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Couple has healthy baby despite mom and dad both going through chemo during pregnancy

They were told the baby was unlikely to survive the full pregnancy.

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James and Bethany Jefferson-Loveday with Heidi post-chemo. (Worcestershire NHS Trust via SWNS)

By Adam Dutton via SWNS

A couple is celebrating the birth of a healthy girl despite mom and dad both undergoing chemotherapy for cancer during pregnancy.

James and Bethany Jefferson-Loveday were left devastated after they were each diagnosed with lymphoma just a few months apart.

James, 33, was told he had Hodgkin lymphoma – a cancer that develops in vessels and glands throughout the body - in December last year.

The diagnosis led the couple to try for a baby before James’ treatment began, in the knowledge that conceiving may be more difficult after chemotherapy.

The pair were 'over the moon' when Bethany, 30, found out she was pregnant the following month.

James and Bethany Jefferson-Loveday during chemo. (Worcestershire NHS Trust via SWNS)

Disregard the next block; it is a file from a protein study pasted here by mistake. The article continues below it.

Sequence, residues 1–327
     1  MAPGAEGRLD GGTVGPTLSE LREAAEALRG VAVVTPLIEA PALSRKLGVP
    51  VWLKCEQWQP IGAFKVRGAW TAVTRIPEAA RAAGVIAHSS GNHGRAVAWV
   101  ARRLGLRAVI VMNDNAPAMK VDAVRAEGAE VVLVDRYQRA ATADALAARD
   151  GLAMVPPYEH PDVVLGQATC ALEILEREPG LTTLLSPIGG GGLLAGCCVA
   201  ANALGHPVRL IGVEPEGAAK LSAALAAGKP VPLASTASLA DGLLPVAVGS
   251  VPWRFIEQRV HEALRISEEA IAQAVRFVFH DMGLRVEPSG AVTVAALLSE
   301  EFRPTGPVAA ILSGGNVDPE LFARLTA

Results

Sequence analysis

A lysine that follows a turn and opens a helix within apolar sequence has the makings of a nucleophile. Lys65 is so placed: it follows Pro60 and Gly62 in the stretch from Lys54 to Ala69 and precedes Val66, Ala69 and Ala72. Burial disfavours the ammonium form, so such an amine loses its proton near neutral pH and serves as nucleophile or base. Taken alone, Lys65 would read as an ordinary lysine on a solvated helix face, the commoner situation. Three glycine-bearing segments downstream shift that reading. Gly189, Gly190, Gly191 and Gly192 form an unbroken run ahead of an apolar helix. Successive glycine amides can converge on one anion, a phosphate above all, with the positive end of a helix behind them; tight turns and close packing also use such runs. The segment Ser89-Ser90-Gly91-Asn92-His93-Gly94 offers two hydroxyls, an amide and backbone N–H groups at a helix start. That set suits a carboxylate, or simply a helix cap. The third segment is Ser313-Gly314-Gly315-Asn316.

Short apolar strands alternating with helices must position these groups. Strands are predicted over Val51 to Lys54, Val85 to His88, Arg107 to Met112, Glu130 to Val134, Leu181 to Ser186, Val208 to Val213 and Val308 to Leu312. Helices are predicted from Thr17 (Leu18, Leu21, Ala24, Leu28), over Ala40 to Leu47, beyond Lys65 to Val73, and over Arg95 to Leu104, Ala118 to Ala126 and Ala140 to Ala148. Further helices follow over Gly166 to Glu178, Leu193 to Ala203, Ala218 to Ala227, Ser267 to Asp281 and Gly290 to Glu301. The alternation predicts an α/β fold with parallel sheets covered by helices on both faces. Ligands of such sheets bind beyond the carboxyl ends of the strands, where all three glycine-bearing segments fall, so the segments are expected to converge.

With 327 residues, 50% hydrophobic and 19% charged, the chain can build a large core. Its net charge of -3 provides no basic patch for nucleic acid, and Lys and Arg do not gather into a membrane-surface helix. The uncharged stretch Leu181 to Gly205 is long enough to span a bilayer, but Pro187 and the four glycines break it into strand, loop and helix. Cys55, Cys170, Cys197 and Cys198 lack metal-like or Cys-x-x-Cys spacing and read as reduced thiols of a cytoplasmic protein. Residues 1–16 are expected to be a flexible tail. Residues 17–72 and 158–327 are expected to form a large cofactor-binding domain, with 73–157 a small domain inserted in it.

But their joy turned to further despair when Bethany was diagnosed with a high grade of Non-Hodgkin lymphoma at 21 weeks pregnant.

Doctors said the chances of having that type of cancer while pregnant was 'exceptionally rare' and Bethany underwent chemotherapy as without it she wouldn't have survived.

She was also given the shattering news her baby was unlikely to survive the full pregnancy - all while her husband was also undergoing treatment.

However, against all the odds their daughter Heidi was safely delivered by Caesarean section at Worcestershire Royal Hospital after Samantha finished her chemo.

Both James and Bethany, of Evesham, UK, are now in remission, no longer require treatment and are looking forward to their first Christmas together as a family.

Bethany said: "James and I both agree that Heidi's birthday was the best day of our lives. It is the happiest I have ever felt.

Consultant Haematologist, Dr Salim Shafeek holding Heidi with Bethany Jefferson-Loveday after chemo. (Worcestershire NHS Trust via SWNS)

"Dr Shafeek described Heidi as a miracle and reflecting back on the past year, he is absolutely right.”